Faculty awarded Sloan fellowships

Three Tech faculty members have been recently awarded the Alfred P. Sloan Fellowship, a $50,000 research grant that will enable recipients to further their research in the fields of science, economics, computer science and mathematics. Awardees from Tech were Christopher Peikert from the College of Computing, Shina Tan from the Physics Department and Silas Alben from the Mathematics Department.
The Sloan Fellowship awards young scholars who have received their doctorate within the past six years and who are working on innovative research. Established in 1934 by the then General Motors President and CEO Alfred Sloan, the foundation was created to recognize those scholars who are researching topics that could result in an important contribution to society. These three faculty chosen at Tech were selected among 118 other national scholars. They were also the only ones selected from the state of Georgia.
Ellen Zegura, the Chair of the College of Computing, recognized Christopher Peikert’s cryptology research as an important component for the future of computer science.
“One of the exciting things about his work is that he’s looking at systems to do with cryptology that still work even if we are able to build quantum computers…that’s a big deal,” Zegura said.
Although they have not yet been developed completely, quantum computers are predicted to play an important role in the future of computer science and cryptology, because they can break almost all of the cryptographic techniques used today.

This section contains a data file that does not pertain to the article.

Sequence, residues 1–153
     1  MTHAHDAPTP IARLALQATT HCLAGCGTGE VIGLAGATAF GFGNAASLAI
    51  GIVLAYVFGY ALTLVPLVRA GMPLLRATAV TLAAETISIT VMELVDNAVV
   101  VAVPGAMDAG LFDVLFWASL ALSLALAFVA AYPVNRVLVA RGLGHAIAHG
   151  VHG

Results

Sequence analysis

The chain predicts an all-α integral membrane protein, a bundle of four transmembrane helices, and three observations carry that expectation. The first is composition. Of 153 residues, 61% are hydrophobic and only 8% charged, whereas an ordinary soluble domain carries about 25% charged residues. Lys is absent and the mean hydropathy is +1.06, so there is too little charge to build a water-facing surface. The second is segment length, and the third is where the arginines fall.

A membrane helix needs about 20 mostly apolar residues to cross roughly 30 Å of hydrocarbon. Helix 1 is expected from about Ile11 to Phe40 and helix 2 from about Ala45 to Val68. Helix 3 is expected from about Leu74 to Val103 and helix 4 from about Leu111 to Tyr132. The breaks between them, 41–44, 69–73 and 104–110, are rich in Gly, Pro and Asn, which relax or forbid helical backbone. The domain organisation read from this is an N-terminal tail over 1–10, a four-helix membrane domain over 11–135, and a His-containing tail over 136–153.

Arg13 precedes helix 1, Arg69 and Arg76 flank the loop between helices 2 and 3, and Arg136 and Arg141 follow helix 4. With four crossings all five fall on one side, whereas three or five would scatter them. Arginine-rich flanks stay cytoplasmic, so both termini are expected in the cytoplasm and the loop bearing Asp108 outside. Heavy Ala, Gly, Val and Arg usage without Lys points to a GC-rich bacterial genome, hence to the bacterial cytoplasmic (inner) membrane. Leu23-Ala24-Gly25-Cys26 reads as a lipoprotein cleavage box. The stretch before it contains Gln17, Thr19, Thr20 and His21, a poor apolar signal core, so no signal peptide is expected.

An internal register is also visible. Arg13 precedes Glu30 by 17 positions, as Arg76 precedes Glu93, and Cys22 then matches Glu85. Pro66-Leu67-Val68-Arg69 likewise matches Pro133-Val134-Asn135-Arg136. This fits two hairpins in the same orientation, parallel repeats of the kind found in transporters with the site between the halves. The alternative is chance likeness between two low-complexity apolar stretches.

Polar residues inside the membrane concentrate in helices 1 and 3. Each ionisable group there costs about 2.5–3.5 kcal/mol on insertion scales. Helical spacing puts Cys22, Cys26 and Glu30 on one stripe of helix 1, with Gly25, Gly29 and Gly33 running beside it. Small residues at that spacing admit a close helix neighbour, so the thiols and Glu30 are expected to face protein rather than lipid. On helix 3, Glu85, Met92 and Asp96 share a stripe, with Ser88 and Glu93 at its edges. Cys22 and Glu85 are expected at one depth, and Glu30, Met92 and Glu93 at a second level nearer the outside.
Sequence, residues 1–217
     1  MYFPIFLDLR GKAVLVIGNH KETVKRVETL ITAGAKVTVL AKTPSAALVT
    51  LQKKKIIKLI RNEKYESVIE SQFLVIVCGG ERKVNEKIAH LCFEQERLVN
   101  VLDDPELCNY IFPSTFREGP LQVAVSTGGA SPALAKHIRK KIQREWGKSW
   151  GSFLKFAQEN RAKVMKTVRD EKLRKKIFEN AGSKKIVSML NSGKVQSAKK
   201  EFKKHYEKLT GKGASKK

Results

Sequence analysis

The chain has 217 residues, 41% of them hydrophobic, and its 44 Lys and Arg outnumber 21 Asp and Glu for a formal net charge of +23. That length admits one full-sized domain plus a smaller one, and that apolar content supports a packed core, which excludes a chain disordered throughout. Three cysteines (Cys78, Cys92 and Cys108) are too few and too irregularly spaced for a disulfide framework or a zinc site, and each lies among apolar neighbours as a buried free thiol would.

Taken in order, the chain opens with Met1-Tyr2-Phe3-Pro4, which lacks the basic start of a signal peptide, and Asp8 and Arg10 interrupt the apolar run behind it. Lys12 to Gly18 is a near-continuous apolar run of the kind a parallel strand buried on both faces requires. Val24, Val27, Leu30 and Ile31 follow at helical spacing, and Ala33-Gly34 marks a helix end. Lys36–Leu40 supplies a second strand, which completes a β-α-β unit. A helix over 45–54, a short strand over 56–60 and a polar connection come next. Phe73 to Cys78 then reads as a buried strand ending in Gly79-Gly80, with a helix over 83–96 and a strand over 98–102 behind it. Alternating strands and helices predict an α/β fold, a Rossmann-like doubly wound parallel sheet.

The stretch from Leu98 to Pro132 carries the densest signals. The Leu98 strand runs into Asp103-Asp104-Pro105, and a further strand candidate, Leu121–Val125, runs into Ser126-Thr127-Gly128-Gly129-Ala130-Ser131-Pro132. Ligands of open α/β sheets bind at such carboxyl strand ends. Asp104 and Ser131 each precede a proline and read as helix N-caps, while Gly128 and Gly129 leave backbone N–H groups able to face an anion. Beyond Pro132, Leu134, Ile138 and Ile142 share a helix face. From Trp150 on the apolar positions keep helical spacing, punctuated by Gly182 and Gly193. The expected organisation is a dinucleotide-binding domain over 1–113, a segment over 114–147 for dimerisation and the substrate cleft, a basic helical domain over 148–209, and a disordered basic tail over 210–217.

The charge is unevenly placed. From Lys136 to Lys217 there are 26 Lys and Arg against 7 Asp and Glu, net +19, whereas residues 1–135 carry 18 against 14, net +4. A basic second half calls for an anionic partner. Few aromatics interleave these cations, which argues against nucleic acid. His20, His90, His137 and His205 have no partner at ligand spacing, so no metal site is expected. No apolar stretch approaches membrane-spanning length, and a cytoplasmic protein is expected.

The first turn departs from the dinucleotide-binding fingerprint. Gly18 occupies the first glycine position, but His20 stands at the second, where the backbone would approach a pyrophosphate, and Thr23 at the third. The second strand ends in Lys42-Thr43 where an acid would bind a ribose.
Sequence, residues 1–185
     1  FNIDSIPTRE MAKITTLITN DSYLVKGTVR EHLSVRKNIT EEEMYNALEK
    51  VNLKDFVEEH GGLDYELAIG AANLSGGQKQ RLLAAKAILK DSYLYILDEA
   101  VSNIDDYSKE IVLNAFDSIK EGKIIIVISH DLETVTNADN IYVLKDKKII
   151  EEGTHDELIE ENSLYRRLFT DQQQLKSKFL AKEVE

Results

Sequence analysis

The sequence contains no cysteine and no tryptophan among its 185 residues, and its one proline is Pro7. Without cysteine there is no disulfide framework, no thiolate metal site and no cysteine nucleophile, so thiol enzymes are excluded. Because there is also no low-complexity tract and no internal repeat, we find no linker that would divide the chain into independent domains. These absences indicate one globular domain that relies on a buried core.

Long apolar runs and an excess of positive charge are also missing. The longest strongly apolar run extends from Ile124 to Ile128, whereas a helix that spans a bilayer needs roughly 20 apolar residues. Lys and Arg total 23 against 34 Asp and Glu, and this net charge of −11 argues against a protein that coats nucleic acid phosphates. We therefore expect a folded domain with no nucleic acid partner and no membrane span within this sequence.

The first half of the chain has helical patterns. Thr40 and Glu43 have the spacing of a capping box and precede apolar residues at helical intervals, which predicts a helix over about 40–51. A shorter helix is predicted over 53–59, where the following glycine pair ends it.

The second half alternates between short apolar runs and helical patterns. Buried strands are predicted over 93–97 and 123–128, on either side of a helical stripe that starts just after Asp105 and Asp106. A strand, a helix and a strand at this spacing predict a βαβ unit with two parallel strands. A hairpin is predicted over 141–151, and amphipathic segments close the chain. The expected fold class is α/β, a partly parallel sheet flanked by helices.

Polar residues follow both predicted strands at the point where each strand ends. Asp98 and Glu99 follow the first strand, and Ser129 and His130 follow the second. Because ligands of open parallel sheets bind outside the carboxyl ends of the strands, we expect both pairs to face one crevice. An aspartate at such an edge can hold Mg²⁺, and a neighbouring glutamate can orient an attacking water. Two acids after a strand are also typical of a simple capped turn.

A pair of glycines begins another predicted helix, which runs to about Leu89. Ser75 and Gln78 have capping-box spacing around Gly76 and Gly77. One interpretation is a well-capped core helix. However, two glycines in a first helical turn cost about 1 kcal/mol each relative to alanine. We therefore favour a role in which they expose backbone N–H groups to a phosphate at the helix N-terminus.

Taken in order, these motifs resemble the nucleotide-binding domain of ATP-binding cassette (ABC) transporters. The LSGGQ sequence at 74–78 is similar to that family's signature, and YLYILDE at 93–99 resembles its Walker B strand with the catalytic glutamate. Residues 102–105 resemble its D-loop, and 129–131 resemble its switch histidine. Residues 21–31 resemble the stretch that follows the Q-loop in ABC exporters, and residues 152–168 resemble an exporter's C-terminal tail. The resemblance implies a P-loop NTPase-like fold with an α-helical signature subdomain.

“As far as we know, this lattice [cryptography] cannot be broken by quantum computers,” Peikert said.
With this fellowship, Peikert plans to continue his research by gathering a group of students to help him further tackle this challenge. He is also considering purchasing specific cryptographic equipment for this purpose.
One other recipient was Shina Tan, who was recognized for his research on the theory of dilute matter in extremely cold temperatures. He said this subject is increasing in popularity in the field.
“Cold matter is getting more and more diverse. People are now studying more and more of complex states [of matter], Tan said.
Lastly, Silas Alben was also chosen to receive this award.
“It really is a great honor, I was very excited of course. It is a really big honor for people in my field of applied math. It was something I had hoped to get,” Alben said.
Alben is advancing the field of fluid dynamics by trying to discover a more efficient computation method. Currently, Alben is working with biologists in a study of how krill form their schools and move as a body.
Peikert, Tan and Albens will be able to use the grant this upcoming Sept. All three plan to apply the grant to purchasing equipment, paying for student stipends and for any additional travel to conferences or workshops.

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